I understand I have not understood the question right when I answered the following:
Because of inertia. If no forces are acting on an object, the objects velocity does not change. Using a string the car accelerates the object to a certain velocity and when slowing down the object will continue to move towards the car as no forces are acting on it (until it hits the car where the normal force of the mass of the car slows it down at once). Using a rod the object again accelerates with the car as it is tied to it. But when the car slows down, the normal force of the mass of the car immediately acts on the object thrue the rod, slowing down the object at the same time as the car slows down.
If I understood correctly what is meant here, the reason for the object making an angle to the "vertical" is simply inertia and the fact that it the string has a finite length: The object (attached outside of the car on the ceiling or inside on the ground) wants to stay at rest but is accelerated. The only way to stay as much at rest as possible is to move down (in addition to moving to the opposite side of the acceleration relative to the car) and thus making that angle.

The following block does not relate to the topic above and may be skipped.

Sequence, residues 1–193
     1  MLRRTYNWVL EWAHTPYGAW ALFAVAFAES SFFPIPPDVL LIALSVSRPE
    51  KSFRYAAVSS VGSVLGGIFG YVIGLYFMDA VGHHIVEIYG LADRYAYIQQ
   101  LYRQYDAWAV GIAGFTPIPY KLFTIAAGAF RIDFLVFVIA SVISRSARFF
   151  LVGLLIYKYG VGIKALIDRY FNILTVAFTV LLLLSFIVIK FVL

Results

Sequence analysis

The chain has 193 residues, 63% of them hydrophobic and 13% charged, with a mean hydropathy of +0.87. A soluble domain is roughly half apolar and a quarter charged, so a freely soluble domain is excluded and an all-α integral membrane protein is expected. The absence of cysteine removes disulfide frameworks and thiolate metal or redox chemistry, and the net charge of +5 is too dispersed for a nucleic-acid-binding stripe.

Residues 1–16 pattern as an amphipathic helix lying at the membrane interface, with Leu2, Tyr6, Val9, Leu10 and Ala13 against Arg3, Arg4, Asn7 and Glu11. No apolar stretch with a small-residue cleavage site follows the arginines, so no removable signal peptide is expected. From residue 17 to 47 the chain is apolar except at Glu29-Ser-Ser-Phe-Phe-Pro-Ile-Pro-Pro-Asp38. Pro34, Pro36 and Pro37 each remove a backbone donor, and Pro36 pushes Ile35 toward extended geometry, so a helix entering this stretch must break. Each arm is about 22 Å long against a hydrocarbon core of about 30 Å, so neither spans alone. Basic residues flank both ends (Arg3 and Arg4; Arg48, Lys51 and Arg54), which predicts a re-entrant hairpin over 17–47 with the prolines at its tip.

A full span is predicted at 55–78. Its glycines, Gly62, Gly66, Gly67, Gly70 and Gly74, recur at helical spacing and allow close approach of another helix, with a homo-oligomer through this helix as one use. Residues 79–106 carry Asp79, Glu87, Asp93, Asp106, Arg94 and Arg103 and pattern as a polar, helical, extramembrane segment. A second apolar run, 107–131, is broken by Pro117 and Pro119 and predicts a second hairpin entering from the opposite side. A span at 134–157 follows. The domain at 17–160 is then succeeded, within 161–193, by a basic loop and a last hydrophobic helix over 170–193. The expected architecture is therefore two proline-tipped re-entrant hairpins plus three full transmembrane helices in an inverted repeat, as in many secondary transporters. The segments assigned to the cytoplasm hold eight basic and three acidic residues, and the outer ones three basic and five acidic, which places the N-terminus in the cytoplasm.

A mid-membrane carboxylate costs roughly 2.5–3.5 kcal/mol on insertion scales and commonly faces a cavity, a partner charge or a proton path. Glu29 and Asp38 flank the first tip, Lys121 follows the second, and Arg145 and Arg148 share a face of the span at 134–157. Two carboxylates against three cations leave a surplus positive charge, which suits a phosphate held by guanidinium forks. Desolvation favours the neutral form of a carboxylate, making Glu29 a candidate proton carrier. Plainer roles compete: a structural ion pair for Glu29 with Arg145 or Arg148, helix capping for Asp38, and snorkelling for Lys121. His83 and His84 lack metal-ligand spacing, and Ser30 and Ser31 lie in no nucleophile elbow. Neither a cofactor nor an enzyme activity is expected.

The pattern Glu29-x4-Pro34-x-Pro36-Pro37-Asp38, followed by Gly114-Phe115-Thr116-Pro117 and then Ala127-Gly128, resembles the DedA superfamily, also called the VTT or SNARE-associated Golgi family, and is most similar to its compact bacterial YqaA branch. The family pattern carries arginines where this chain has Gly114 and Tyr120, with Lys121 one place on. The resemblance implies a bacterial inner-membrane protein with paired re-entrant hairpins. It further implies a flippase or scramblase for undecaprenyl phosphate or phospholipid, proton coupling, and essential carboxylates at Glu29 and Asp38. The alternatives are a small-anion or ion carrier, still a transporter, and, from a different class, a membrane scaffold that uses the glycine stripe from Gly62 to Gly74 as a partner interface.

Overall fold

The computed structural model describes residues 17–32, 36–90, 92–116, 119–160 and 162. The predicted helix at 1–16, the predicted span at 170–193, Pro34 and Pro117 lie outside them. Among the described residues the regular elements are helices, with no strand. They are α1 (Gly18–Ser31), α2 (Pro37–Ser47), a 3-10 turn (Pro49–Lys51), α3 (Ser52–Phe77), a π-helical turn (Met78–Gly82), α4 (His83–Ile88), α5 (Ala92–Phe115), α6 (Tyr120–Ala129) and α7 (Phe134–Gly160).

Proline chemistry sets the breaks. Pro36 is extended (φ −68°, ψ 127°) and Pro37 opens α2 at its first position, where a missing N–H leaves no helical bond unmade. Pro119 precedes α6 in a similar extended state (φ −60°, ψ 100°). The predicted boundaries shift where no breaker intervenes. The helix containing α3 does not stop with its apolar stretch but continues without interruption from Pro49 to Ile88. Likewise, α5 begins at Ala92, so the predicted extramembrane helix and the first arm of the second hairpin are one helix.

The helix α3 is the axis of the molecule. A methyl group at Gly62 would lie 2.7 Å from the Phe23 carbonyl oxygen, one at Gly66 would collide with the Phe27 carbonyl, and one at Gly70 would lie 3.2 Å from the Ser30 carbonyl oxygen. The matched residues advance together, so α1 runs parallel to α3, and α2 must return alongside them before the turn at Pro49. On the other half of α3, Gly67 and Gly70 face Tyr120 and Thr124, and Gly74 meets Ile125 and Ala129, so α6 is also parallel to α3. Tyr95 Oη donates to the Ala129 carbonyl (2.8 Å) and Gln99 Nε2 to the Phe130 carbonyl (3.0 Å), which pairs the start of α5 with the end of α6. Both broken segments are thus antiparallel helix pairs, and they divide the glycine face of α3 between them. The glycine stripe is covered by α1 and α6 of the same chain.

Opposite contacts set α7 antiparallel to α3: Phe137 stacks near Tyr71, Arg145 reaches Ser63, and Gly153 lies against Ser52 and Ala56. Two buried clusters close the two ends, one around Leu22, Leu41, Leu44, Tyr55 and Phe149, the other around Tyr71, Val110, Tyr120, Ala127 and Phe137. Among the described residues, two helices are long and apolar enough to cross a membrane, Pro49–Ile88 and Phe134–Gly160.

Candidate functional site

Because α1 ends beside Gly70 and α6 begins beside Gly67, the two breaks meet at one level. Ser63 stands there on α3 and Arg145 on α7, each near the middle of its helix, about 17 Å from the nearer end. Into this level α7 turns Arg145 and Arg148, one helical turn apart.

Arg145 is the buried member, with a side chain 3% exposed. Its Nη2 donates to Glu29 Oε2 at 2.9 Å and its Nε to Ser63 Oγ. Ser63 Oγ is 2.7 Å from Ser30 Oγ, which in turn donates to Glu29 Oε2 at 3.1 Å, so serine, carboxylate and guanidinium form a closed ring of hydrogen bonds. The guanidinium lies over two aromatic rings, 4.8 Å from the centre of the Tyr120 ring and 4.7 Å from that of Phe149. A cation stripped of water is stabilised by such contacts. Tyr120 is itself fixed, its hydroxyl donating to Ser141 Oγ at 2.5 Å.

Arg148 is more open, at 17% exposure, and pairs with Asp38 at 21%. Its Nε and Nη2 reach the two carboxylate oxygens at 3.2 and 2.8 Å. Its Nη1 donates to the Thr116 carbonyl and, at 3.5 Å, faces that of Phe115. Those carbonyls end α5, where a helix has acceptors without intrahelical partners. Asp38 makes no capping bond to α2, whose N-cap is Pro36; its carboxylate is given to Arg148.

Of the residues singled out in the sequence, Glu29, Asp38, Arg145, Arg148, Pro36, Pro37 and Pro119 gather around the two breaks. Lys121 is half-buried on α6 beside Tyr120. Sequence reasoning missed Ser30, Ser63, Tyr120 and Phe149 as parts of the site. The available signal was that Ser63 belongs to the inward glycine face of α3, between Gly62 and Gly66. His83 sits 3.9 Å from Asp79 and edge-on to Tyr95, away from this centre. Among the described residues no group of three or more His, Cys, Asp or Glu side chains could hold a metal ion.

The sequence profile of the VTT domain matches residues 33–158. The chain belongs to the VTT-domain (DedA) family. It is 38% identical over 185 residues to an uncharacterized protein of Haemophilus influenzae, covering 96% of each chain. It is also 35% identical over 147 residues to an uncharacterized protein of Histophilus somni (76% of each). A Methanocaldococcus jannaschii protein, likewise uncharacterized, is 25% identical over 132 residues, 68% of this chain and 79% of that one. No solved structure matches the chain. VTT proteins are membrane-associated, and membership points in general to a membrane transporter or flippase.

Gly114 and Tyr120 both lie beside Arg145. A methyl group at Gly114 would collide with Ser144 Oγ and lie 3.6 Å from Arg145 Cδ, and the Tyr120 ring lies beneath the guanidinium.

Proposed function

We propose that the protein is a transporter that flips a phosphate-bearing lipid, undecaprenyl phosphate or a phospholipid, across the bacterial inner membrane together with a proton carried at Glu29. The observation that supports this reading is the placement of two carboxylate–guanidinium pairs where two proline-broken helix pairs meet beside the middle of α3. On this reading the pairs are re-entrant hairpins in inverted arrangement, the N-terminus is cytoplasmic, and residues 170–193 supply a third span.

If you meant horizontal instead of "vertical" (the object being attached to the back of the car outside) then the reason is chaos of aerodynamics. Aerodynamics predicts that the object moves in every direction, despite being dragged back by inertia and thus making that angle. But I'm not that familiar with aerodynamics and am therefor not able to give you more details. What I do understand is that when using a fixed rod welded to the car, the object has no degree of freedom whatsoever. Its position is completely determined by the car. A string gives the object all three degrees of freedom $(r,\theta,\varphi)$, inspite of some boundaries: $r\le L$ (length of string), $\varphi\in [0,\pi]$ (object can't go into the car), $\theta\in [0,\pi]$ (boundaries for $\theta$ are normal). Having these degrees of freedom the chaotic consequences of aerodynamics act on the object.